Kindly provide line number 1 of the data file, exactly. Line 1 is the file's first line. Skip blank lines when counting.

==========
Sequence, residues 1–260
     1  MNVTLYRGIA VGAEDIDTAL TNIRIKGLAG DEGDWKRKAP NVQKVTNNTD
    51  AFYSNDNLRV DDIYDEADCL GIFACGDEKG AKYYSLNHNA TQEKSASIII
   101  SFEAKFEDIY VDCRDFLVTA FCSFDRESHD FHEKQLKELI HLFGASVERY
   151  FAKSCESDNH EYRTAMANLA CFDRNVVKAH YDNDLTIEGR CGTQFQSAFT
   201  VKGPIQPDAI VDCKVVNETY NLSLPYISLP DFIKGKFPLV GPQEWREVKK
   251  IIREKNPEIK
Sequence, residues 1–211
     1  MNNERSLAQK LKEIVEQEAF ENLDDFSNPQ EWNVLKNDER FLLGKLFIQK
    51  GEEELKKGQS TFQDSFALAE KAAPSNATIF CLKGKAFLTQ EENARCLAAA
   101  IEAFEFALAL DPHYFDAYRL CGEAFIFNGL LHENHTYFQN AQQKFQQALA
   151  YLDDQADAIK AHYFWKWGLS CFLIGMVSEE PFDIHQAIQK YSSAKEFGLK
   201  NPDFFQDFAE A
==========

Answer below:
Sequence, residues 1–260